Periampullary tumors are neoplasms that arise in the vicinity of the ampulla of Vater. Neoplasms that arise in this site can originate from the pancreas, duodenum, distal common bile duct (CBD), or the structures of the ampullary complex.
The ampulla of Vater is formed by the duodenal aspect of the sphincter of Oddi muscle, which surrounds the confluence of the distal CBD and main pancreatic duct as well as the papilla of Vater, a mucosal papillary mound at the distal insertion of these ducts on the medial wall of the duodenum (figure 1). Ampullary carcinomas are defined as those that arise within the ampullary complex, distal to the confluence of the distal common bile duct and the pancreatic duct (figure 2).
It can be difficult to distinguish a primary ampullary carcinoma from other periampullary tumors preoperatively. However, true ampullary cancers have a better prognosis than periampullary malignancies of pancreatic or bile duct origin. Resectability rates are higher, and five-year survival rates are approximately 30 to 50 percent in patients with limited lymph node involvement. In contrast, fewer than 10 percent of patients with completely resected node-positive pancreatic cancer are alive at two years. Thus, an aggressive approach to diagnosis and treatment of periampullary tumors is needed to ensure that patients with these comparatively favorable cancers are treated optimally.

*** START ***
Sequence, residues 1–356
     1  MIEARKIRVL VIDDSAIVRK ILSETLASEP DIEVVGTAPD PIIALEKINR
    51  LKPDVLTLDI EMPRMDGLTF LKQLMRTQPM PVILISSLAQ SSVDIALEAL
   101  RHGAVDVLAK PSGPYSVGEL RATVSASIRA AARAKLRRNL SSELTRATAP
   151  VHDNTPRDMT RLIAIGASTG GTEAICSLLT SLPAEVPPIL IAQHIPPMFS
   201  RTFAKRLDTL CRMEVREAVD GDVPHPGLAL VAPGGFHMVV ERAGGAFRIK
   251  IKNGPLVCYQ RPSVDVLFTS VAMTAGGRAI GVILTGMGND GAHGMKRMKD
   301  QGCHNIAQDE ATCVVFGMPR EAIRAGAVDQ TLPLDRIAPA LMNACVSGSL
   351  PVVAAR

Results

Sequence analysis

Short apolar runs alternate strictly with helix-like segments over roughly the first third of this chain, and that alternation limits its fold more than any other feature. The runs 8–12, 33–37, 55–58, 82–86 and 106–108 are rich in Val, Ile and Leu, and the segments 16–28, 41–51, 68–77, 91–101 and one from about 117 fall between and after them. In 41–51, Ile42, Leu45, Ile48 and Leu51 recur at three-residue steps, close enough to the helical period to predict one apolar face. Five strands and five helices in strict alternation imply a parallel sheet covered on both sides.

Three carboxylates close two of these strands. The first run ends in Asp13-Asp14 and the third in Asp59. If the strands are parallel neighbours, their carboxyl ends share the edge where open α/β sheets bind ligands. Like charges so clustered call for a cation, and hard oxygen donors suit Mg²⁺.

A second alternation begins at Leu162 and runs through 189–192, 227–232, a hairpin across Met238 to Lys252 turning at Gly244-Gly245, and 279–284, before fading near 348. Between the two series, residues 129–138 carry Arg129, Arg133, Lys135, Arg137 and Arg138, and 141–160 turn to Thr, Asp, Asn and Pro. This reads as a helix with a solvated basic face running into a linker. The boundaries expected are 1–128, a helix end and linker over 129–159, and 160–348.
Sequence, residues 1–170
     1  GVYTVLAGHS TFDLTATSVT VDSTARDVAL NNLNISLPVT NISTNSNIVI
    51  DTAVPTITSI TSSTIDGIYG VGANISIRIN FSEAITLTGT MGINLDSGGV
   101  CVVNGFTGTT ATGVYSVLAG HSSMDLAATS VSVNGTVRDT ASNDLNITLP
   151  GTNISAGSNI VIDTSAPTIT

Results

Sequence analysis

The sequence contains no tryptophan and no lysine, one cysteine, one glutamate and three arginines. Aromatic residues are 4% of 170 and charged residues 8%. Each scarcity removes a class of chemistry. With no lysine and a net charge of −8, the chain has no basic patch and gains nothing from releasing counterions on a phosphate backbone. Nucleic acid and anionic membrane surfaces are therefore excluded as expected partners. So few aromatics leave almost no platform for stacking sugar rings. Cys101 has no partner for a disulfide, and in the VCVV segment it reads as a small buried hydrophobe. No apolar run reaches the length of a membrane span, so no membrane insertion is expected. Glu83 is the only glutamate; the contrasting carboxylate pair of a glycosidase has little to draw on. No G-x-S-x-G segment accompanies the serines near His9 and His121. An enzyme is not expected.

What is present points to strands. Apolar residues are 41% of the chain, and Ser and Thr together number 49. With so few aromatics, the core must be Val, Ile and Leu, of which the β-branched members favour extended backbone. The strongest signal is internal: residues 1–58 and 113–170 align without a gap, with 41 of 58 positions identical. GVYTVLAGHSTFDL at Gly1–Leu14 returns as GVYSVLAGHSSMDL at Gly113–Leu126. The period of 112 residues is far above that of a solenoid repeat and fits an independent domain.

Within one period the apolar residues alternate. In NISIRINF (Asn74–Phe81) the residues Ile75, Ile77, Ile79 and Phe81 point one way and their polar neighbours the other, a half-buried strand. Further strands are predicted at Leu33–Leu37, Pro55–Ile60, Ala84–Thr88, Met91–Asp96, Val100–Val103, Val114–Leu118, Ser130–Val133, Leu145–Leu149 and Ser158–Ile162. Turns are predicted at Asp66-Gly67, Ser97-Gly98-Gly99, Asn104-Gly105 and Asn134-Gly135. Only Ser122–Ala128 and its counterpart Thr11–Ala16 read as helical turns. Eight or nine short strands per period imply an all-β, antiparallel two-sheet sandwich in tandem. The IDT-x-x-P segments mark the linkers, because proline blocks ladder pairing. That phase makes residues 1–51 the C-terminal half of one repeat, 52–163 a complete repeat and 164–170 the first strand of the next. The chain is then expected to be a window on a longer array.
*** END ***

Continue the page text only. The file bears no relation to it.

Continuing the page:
This topic review will cover the treatment and prognosis of ampullary carcinomas. The epidemiology, biologic behavior, clinical manifestations, diagnosis and staging are covered separately. (See "Ampullary carcinoma: Epidemiology, clinical manifestations, diagnosis and staging".)
TREATMENT FOR LOCALIZED DISEASE
The only potentially curative treatment for ampullary carcinoma is surgical resection. Complete tumor resection with negative margins (R0 resection) is a prerequisite for cure.